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Bioinformatics. 2009 June 1; 25(11): 1447–1448.
Published online 2009 April 5. doi:  10.1093/bioinformatics/btp169
PMCID: PMC2682516

Data structures and algorithms for analysis of genetics of gene expression with Bioconductor: GGtools 3.x

Abstract

Summary: Associations between DNA polymorphisms and mRNA abundance are a natural target of genetic investigations, and microarrays facilitate genome-wide and transcriptome-wide surveys of these associations. This work is motivated by emerging requirements for data architectures and algorithm interfaces to allow flexible exploration of public and private archives of genotyping and expression arrays. Using R/Bioconductor facilities, Phase II HapMap genotypes and Illumina 47K expression assay results archived on multiple populations may be interactively explored and analyzed using commodity hardware.

Availability and Implementation: Open Source. Bioconductor 2.3 packages GGtools, GGBase, GGdata, hmyriB36. Freely available on the web at http://www.bioconductor.org

Contact: ude.dravrah.gninnahc@cjvts

1 INTRODUCTION

Numerous publications have addressed relationships between DNA polymorphisms and gene expression distributions (Cheung et al., 2005; Dixon et al., 2007; Göring et al., 2007; Schadt et al., 2008; Stranger et al., 2007). Interpretation of associations discovered in such analyses is complex and incomplete (Williams et al., 2007). Given the ease with which high-density genotypes and transcriptome-wide mRNA abundance measures can be obtained using microarrays, public and private archives of experiments in ‘integrative genomics’ will grow in number and scope. In this article, we describe a transparent and flexible approach to managing and interrogating data from integrative genomics experiments using R/Bioconductor.

2 METHODS

2.1 Data structures

The basic data structures are

  1. Expression assay results: a G×N array of numerical assay values, preprocessed so that N samples can be compared with respect to any of G genes.
  2. Genotyping results: an S×N array of SNP genotyping results, typically encoding homozygous rare or common allele, or heterozygous state.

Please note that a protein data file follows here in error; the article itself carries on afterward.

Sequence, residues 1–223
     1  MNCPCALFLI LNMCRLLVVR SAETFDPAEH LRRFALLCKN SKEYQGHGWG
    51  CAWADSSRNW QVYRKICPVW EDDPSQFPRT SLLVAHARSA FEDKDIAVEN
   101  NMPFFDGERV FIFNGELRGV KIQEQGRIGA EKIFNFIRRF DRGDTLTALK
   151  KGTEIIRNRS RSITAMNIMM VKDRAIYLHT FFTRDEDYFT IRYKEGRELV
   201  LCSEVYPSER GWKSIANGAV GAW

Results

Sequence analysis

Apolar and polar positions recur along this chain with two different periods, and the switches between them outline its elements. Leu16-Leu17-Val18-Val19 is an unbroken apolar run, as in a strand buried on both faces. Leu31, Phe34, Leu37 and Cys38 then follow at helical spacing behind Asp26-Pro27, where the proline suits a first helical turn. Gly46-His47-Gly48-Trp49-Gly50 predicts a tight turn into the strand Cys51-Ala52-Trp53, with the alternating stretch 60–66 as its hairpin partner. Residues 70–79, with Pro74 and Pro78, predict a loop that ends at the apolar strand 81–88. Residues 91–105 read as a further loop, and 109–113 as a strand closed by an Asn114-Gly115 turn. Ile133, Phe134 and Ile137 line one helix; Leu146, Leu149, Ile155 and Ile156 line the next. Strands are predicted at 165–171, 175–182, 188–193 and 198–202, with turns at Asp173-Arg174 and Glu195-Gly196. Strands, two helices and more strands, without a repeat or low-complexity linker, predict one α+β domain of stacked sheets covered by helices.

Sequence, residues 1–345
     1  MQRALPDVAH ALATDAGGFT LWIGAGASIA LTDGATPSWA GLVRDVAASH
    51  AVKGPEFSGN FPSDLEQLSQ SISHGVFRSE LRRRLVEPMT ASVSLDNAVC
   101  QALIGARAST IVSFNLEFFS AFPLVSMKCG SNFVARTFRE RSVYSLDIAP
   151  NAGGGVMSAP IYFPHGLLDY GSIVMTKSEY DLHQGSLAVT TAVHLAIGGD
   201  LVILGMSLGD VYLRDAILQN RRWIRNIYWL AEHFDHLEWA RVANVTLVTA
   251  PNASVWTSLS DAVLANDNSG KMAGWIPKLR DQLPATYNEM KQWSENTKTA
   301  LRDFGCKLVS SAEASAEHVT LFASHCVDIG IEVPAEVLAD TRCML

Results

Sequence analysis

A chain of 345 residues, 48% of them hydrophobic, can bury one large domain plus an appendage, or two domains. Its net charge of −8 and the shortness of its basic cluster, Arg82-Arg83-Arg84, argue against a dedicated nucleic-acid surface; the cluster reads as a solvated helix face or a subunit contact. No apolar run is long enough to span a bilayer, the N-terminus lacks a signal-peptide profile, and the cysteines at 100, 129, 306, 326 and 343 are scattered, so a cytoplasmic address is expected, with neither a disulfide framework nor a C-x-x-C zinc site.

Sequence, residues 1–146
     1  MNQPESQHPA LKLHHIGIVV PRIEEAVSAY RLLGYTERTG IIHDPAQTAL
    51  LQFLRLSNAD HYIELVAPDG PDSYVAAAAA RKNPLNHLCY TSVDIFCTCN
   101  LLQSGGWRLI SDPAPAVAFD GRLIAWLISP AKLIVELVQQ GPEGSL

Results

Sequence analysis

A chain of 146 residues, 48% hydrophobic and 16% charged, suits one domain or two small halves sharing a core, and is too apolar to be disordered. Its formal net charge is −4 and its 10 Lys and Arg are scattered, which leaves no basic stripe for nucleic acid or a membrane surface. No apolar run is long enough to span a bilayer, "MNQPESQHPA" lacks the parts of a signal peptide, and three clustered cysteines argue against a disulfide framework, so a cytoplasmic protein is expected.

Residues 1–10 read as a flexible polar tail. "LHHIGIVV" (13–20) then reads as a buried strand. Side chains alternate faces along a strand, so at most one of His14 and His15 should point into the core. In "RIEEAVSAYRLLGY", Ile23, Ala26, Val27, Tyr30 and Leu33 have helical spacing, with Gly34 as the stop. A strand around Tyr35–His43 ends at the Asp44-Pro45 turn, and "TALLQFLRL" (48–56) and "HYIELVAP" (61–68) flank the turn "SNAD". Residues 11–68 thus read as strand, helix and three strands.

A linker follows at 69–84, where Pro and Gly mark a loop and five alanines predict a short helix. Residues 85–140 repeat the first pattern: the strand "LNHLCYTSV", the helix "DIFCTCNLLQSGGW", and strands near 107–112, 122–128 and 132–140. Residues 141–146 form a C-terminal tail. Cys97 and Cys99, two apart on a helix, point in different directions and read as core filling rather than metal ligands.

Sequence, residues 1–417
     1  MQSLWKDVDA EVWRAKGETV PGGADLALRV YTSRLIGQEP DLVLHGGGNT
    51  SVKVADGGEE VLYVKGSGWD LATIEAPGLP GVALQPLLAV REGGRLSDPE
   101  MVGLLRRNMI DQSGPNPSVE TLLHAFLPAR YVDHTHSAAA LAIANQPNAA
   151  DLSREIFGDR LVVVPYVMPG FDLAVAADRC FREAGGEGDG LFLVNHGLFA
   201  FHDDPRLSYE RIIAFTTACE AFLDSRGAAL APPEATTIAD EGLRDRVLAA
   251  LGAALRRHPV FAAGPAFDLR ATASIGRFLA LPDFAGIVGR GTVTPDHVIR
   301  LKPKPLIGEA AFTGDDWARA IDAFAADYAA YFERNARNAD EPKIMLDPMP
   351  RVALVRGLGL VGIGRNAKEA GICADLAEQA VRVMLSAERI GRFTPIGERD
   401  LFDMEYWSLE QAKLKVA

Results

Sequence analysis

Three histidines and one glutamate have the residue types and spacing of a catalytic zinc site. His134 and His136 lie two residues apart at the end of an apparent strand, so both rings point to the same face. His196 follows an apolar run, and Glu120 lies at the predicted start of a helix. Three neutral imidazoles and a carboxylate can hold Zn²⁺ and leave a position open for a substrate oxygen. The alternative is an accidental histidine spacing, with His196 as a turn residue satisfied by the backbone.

3. Sample-level data: an N×R collection of attributes assessed on each of the N samples, encoding demographic variables, disease-state indicators and relevant technical processing details.
  4. Versioned structural annotation: data on locations of SNPs are evolving as genome sequences are revised. Rapid resolution of bulk SNP location queries is required—queries may be specified in terms of chromosome, segment, proximity to gene or dbSNP identifiers.
  5. Structured containers for inferential results. let Γ denote some (possibly improper) subset of 1,…, G defining indices of a gene set, let Σ denote some subset of 1,…, S, and let |Q| denote the number of elements of any set Q. When |Γ|×|Σ| association tests have been performed, additional computations will often be desired to filter associations, conduct testing diagnostics and visualize results in conjunction with other experimental data. Package GGBase defines formal snpScreenResult containers that manage test results for downstream programmatic interrogation. The containers are readily transformed to custom UCSC genome browser tracks using facilities in Bioconductor packages IRanges and rtracklayer.

Bioconductor's Biobase package defines the eSet class for unified representation of genome-scale assay results, sample-level annotation and experiment-level metadata. The GGtools package extends the eSet class to smlSet in which expression array results are coupled to a highly efficient representation of high-density genotypes due to Clayton and Leung (2007), in the snpMatrix package.

2.2 Interface, algorithms